Arvo Pärt: Stabat Mater

Gloriæ Dei Cantores, Richard K. Pugsley

(4 press reviews)
Original Recording Format: DSD 64
Learn about choosing Quality and Channels

Arvo Part’s Music is Deeply Rooted in His Profound Faith and Aims to Touch The Soul. This recording offers a unique cross-section of Pärt’s choral works, revealing the heart, soul, and mind of a true master of his language in both text and music.

Modest about his achievements yet authentically convinced about the role of his music in today’s world, Arvo Pärt is today’s most performed classical composer. For the past forty years, Pärt’s compositions have shown and spoken the influence of multiple layers and global influences – the music of the Orthodox Church, bells, Gregorian chant, Renaissance polyphony, a compositional technique he developed called “tintinnabuli”, and…silence.

The expressive beauty and clarity of his music shines through the joyful dance-like rhythms of Peace Upon You, Jerusalem, and the glorious setting of Mary’s own words in the Magnificat. Pärt’s masterful setting of L’abbé Agathon sets the scene of an ancient 4th century story of the chance (or was it?) meeting of the hermit Agathon and a leper. After several testings of the hermit’s patience and his generosity, the leper reveals himself to be an angel, and blesses the hermit Agathon, and goes on his way.

The final work – one of Arvo Pärt’s largest choral works – is Stabat Mater, written to express the passion, agony, and love of Mary at the foot of the cross of her son.

Gloriae Dei Cantores
Richard K. Pugsley, Conductor


Please note that the below previews are loaded as 44.1 kHz / 16 bit.
Peace Upon You, Jerusalem
L'abbe Agathon
Salve Regina
Nunc dimittis
Stabat Mater

Total time: 01:08:58

Additional information





, , , , , ,


, ,







NativeDSD selectively creates higher DSD bitrates of label's releases using two methods (Merging Technologies Album Publishing and Singnalyst HQPlayer Pro), depending on the original edited master source. In order to understand the processes, a bit of background is appropriate.   NativeDSD sells only recordings that were originally recorded in DSD or DXD (352.8KHz PCM). The overwhelming majority of these recordings were edited and post processed in DXD, then converted (modulated) into DSD deliverable bit rates. NativeDSD acquires the label's original DXD edited master, and using Merging Technologies Album Publishing, creates a first generation DSD64, DSD128, and DSD256, as well as a DXD FLAC deliverable.  Additionally, on selected recordings, a 32bit PCM WAV file is extracted (the DXD PCM FLAC is 24 bits by format definition), and uses it to modulate a DSD512 using HQPlayer Pro. The exception to the above are the few label recordings (Yarlung, Eudora, Just Listen etc.) that record in DSD, and do no PCM post processing mixing, level balancing, EQ etc. That's doable by restricting post processing to just editing, where only the edit transition interval (typically 100ms or less) is PCM converted, leaving the DSD music content unaltered when rendered. For those recordings, the DSD edited master (the actual recording master with edits) is used with HQPlayer Pro to re-modulate the missing DSD bitrates. Why do any of this? It's to provide a DSD bitrate deliverable choice, allowing a customer to purchase the highest DSD bitrate their DAC will support. It's correct that there's no additional music content information contained in the higher DSD bit rate from the original DSD bitrate. What's different is the uncorrelated modulation noise content placement in the frequency spectrum. When a DSD original file is converted to DXD (PCM), the inherent DSD modulation noise is removed through the decimation filtering, and re-inserted when modulated back to DSD. The modulation noise (again, uncorrelated) is the carrier part of the DSD bitstream modulation, and an inherent part of the DSD bit stream.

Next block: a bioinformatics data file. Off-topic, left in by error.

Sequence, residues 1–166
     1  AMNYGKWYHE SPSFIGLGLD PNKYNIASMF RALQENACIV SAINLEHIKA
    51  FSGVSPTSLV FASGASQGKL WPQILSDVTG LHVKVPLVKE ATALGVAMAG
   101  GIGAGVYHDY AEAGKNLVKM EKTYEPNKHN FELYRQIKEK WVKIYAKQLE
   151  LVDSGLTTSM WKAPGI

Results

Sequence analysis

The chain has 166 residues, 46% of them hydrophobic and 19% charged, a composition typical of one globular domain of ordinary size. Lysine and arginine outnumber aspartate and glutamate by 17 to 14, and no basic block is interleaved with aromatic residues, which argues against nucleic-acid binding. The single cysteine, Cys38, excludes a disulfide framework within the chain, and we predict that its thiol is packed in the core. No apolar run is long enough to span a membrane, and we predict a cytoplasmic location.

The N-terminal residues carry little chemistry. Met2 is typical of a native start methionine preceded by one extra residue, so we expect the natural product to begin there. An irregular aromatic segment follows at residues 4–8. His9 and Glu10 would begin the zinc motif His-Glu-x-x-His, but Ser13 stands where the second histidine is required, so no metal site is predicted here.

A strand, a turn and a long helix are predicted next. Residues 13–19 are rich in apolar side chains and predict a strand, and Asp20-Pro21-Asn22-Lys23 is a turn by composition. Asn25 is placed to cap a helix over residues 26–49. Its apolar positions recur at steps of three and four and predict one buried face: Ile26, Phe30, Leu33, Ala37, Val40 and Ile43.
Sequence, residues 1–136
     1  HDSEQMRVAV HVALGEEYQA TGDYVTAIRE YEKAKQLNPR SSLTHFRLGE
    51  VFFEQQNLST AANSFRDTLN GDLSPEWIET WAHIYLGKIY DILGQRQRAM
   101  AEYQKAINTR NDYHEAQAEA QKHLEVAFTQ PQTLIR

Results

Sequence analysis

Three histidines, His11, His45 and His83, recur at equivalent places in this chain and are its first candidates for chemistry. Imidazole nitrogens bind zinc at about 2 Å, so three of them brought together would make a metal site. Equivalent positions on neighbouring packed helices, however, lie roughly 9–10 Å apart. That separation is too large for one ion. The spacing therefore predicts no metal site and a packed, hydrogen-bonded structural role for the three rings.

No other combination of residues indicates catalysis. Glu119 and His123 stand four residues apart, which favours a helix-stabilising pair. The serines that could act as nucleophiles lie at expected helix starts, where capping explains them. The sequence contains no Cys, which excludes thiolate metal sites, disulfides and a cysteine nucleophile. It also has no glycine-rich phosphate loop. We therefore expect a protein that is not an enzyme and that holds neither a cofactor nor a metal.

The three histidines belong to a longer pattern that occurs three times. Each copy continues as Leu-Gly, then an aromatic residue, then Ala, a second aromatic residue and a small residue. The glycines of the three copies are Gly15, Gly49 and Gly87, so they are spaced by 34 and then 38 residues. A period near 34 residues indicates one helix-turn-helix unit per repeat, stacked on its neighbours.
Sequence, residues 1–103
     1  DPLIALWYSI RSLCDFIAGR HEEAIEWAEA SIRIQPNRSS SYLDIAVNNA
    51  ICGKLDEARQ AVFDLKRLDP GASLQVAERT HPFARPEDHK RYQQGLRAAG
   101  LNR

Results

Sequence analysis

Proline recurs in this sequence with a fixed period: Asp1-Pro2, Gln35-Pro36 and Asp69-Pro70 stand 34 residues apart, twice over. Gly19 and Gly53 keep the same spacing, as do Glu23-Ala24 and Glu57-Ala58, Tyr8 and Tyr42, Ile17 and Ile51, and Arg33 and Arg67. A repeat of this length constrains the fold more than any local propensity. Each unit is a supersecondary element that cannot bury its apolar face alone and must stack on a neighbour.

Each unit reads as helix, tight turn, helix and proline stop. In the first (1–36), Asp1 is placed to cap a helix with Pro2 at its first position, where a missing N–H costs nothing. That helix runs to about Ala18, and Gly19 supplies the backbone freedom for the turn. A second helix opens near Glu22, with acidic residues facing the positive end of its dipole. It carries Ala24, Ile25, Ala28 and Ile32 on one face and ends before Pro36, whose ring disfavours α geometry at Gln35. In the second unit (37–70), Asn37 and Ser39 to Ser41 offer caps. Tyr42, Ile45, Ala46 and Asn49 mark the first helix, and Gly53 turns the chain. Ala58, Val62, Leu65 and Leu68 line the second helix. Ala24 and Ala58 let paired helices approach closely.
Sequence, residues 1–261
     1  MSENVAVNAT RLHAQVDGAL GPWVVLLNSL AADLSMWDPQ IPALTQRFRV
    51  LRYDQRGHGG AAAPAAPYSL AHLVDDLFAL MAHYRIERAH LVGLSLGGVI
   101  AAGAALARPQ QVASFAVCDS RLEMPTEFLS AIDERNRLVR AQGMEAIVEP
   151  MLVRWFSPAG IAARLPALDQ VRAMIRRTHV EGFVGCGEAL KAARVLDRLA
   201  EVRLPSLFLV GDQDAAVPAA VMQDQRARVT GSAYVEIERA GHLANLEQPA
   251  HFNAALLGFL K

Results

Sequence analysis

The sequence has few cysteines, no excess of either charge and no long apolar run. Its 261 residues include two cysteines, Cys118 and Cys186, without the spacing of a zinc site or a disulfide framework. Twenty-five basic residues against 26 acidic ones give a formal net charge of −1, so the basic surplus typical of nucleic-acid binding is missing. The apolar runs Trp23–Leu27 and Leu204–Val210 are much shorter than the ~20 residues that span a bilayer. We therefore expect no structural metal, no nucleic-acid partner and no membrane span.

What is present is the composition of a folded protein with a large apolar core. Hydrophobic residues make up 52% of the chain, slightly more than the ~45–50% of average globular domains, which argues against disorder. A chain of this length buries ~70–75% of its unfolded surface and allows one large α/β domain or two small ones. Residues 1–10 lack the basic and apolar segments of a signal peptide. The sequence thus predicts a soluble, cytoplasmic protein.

While the spectorial shape is the same regardless of the DSD bitrate, it's effective start and end points move an octave higher for every doubling of the DSD bitrate. For DSD64, the uncorrelated modulation noise is about -110dB at 20KHz, rising to about -50dB at 100KHz. For DSD512, the modulation noise is about -110dB at 160KHz, and -50dB at 800KHz. What this allows is for the customer's DAC to use gentler, more Gaussian shaped reconstruction filters, with far improved phase response.





Original Recording Format


Richard K. Pugsley, Paul Tingley (Co-Producer)

Recording Engineer

Brad Michel, Dan Pfeiffer

Recording Location

Church of the Transfiguration in Orleans, MA in September 2018, May 2019 & September 2019

Recording Software

Pyramix. Merging Technologies

Release DateApril 10, 2020

Press reviews

Classics Today 5 out of 5

“… a recording of deeply felt performances that are always mindful of allowing the unadorned simplicity, the stark beauty and unpretentiousness of Pärt’s music to flower.”

Superb…Superlative…Intimate and spacious at the same time, with all nuances of voice and instrument flawlessly presented to the listener.

Gloriae Dei Cantores…under the direction of Richard K. Pugsley, interprets these works with great technical mastery (homogenity, attention to dynamics, phrasing)… creating pure atmospheres of enchantment, which truly touch the heart and soul of the listener, transporting them to a high and profound spiritual dimension.

Fanfare 5 out of 5

An exquisite album of choral music composed by Arvo Pärt and performed by Gloriae Dei Cantores. 


There are no reviews yet.

Only logged in customers who have purchased this product may leave a review.

More from this label